London in Black and White

A couple of weekends ago I got the opportunity to spend some alone time in London. I had three photography goals.

1. To take some food photography ( that’s the next post).

2. To take some night shots ( That was a bust: the weather was foul. Either cold rain or  freezing winds or both. I made a token effort but soon gave up when I couldn’t move my fingers and was in danger of being blown off the bridge.)

3. To find some interesting angles to photograph bridges and the London Eye. Even this third one was hampered by weather and, by the middle of my trip three huge blisters on my feet that meant the Odeon Cinema mid-afternoon was far more attractive than walking to Shad Thames to get under London Bridge! Many weather also meant manky light and fat boring skies. so all I can say is, I did my best with these images which I decided to convert to Black and White because the dull grey light and the colours so de-saturated anyway. I did have fun even if the end result was maybe not all I had hoped.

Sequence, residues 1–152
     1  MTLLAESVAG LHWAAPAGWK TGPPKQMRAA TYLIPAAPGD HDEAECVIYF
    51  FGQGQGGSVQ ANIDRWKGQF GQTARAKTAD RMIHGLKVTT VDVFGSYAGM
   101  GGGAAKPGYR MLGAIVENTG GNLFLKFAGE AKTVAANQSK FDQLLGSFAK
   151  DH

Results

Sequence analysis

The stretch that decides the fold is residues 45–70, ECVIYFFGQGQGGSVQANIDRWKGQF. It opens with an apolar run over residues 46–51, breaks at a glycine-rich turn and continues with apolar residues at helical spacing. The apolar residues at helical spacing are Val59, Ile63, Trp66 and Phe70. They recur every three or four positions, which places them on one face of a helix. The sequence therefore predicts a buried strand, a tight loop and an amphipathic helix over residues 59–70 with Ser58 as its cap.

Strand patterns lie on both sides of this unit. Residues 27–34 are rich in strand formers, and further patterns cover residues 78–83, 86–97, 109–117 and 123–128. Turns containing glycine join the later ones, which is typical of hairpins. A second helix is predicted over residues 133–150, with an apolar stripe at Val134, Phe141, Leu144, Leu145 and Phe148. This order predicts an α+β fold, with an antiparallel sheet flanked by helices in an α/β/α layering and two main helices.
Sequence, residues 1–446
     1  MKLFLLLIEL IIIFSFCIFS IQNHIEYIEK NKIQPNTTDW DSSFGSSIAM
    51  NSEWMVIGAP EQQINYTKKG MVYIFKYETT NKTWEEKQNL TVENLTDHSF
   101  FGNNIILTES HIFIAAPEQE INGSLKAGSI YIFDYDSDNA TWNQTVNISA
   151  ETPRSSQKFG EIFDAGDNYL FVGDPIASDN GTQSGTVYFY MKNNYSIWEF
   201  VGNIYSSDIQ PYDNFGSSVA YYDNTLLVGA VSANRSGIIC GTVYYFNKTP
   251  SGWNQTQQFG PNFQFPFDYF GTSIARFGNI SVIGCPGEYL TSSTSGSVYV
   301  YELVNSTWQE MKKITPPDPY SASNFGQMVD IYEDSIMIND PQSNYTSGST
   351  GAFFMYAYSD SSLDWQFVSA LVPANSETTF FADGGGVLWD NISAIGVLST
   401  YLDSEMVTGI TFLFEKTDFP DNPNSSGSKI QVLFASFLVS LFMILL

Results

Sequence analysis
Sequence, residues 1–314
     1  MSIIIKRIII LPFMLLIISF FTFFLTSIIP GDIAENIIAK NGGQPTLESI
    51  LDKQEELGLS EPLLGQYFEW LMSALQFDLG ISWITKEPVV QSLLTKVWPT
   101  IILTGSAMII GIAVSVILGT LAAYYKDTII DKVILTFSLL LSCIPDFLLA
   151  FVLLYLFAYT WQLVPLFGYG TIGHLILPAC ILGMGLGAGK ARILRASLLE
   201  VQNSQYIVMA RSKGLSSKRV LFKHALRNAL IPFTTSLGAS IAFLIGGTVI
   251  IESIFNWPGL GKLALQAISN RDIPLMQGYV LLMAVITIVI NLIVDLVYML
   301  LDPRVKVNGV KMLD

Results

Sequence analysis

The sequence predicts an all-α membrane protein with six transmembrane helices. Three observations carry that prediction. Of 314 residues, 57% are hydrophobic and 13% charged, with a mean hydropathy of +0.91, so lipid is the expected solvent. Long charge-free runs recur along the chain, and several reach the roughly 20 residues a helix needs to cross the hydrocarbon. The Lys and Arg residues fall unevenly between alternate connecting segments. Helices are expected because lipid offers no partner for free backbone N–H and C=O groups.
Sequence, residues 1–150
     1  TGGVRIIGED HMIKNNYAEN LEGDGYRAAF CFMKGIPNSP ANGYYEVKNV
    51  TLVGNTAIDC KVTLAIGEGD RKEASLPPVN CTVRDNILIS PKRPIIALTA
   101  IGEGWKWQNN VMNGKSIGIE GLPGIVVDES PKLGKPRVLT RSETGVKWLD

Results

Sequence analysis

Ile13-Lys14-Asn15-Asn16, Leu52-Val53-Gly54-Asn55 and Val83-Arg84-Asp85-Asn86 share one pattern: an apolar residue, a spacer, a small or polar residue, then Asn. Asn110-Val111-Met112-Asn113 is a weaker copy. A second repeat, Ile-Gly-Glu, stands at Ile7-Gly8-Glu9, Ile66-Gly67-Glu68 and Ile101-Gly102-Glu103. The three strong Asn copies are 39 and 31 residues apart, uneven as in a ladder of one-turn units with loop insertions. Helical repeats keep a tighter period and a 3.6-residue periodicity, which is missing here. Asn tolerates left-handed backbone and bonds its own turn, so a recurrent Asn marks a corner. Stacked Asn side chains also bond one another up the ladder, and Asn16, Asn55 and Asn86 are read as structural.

The first Night I tried Hungerford Bridge. First underneath it.

 

The struts and supports of Hungerford Bridge

Hungerford Bridge from South Bank

 

Underneath Hungerford Bridge

Underneath Hungerford Bridge

Then on top of it looking at The Eye. I wish the sky had been more interesting. Typical British grey!OLYMPUS DIGITAL CAMERA

London Eye seen through the struts of Hungerford Bridge.

London Eye from Hungerford Bridge

London eye from the end of Hungerford Bridge

London eye from the end of Hungerford Bridge

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I hung around until it got dark. The security guards shout at  you if you use your tripod on the actual pavement surrounding the Eye but I got some shots before they noticed me and I found out their nastiness.

 

London Eye at night

London Eye

Black and White image of a curved segment of the  London Eye at night